Election manifesto casts Liberal Democrats as party of fairness
Nick Clegg (pictured) said the Liberal Democrats would "hardwire fairness into British society" as he unveiled his party's election manifesto on Wednesday. But he refused to be drawn into talk of post-election alliances.
REUTERS - Britain's third-biggest political party, the Liberal Democrats, on Wednesday set out a policy programme which would form the basis of negotiations if it holds the balance of power after an inconclusive election.
The centrist Lib Dems have long been frustrated by Britain's first-past-the-post voting system that means their share of more than 20 percent of the vote gives them only a bloc of 63 seats in the current 646-member parliament.
However, with polls suggesting that neither ruling Labour nor the opposition Conservatives will win an outright majority on May 6, the Lib Dems could end up holding the balance of power in the next parliament.
Party leader Nick Clegg refused to speculate on the various scenarios that could emerge after the election, saying his party was "aiming high" fighting more seats than before and on a bigger scale geographically than any other party.
But he said parties would have to speak to each other in the unusual event of a so-called hung parliament and be clear on their priorities.
"I think if there is a balanced parliament it is not a question of us or anyone else paving the way for someone to have their way," he said.
"You are entitled to say what are the things you are prepared to fight for."
The LibDem priorities, set out in its manifesto, were creating jobs in a "greener" economy, cleaning up politics after a scandal over lawmakers' expenses, cutting taxes for lowest earners and boosting investment in schools.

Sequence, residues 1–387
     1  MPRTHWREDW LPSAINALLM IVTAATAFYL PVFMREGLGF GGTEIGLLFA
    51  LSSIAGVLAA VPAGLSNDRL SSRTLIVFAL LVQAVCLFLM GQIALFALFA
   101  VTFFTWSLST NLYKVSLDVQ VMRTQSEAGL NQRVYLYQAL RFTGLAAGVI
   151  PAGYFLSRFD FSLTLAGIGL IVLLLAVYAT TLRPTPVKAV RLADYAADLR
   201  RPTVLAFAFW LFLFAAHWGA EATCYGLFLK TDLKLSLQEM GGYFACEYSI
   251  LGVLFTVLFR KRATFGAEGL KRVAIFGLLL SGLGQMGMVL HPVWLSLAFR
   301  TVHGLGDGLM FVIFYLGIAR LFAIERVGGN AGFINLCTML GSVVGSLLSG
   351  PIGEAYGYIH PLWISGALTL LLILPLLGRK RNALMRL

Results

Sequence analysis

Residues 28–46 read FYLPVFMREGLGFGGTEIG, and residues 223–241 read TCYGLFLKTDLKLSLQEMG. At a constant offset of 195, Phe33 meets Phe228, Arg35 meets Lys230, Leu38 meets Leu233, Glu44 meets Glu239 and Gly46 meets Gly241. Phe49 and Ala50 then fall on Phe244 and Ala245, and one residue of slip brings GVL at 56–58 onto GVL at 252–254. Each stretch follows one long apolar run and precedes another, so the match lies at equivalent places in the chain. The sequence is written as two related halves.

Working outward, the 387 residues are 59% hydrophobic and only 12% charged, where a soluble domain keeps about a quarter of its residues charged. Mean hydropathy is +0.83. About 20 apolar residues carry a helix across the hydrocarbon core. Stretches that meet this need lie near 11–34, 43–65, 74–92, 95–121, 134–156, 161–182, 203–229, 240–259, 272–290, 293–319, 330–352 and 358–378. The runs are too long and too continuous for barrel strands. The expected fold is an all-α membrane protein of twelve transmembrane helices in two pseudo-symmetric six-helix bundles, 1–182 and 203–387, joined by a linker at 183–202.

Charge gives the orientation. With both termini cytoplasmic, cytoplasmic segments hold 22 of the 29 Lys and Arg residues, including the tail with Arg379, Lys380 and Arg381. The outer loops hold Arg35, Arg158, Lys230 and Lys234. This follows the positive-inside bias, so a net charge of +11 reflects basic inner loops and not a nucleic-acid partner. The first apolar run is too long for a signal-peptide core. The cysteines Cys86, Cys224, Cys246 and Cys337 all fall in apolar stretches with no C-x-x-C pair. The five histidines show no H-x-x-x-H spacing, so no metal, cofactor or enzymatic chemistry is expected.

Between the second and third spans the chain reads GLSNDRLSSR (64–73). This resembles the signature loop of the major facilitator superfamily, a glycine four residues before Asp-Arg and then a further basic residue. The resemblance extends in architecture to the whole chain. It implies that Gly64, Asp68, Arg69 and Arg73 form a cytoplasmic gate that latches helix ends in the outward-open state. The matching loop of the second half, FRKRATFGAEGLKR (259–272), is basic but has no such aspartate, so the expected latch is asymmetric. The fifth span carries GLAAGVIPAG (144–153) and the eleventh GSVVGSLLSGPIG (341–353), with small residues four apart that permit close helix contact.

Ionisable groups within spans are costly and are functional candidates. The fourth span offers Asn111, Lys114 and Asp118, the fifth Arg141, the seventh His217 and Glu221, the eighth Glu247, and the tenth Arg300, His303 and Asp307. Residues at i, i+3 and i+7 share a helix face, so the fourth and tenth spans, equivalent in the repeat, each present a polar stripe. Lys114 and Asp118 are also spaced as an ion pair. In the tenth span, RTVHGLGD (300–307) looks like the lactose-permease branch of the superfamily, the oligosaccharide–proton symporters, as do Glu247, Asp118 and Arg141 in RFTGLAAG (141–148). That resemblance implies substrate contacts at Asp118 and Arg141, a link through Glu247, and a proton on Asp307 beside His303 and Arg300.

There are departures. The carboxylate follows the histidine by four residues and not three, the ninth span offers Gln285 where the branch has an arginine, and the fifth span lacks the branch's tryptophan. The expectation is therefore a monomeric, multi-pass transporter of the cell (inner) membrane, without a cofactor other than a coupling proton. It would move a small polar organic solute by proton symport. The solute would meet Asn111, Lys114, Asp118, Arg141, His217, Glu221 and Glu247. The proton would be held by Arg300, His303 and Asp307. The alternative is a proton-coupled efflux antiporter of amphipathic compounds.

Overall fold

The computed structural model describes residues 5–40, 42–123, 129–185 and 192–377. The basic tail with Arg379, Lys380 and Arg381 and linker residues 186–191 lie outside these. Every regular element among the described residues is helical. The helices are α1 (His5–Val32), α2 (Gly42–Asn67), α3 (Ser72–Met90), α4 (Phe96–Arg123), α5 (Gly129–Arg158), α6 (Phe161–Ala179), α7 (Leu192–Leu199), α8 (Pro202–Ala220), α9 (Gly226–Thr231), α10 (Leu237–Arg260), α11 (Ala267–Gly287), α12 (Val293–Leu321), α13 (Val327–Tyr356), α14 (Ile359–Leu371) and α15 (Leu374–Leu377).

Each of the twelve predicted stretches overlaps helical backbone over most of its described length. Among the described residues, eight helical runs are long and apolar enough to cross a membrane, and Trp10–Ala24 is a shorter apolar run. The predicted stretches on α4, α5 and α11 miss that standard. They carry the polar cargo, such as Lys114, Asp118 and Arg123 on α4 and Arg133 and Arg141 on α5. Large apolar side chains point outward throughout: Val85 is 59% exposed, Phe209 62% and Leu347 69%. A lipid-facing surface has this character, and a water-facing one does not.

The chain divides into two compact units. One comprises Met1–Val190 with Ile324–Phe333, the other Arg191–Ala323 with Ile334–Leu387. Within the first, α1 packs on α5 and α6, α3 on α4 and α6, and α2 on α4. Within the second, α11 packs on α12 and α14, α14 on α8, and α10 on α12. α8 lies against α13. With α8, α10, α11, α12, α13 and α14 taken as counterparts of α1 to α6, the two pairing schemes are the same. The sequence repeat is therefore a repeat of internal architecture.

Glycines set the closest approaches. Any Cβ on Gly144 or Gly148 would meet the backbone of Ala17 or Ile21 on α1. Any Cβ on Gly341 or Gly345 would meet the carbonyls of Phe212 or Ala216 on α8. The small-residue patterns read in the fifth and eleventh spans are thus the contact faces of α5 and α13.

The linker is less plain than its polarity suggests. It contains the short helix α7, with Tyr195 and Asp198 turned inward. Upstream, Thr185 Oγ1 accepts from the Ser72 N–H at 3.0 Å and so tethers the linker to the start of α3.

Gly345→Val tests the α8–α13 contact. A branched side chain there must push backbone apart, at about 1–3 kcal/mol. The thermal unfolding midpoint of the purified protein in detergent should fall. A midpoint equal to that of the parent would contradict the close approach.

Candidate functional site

Markets are nervous about a hung parliament, and British gilt futures slipped on Wednesday underperforming German Bunds after an opinion poll overnight showed the opposition Conservative Party's lead narrowing over Labour.
The party, which has accused the other two main parties of stealing their policies, said cross-party cooperation would be needed to tackle the country's record budget deficit, which is estimated to be 163 billion pounds this financial year.
The LibDems identified 15 billion pounds of savings in government spending each year, two-thirds of which would go towards paying off the deficit after 2011/12.
It does not plan an increase in the sales tax VAT, but rather it would introduce a 2 billion pound bank levy, restrict tax credits, scrap ID cards and part of an order for Eurofighter warplanes.
Clegg pledged honesty and a fair tax system, paid for largely by a clamp down on tax avoidance, adding: "There isn't spare money to splash around."
The LibDems have taken a hard line on banks, calling for curbs on bonuses and the separation of investment banking operations from less racy retail operations.
The party's finance spokesman Vince Cable has emerged as an authority on economic issues during the financial crisis and some critics say he outshines his younger leader Clegg, something the leader brushed off saying he would be delighted if Cable was to become finance minister.
Clegg, who became party leader in 2007, has promised to bump up the number of LibDems seats, saying it has made the right decisions on the big issues, such as the banks, the environment, and the war in Iraq.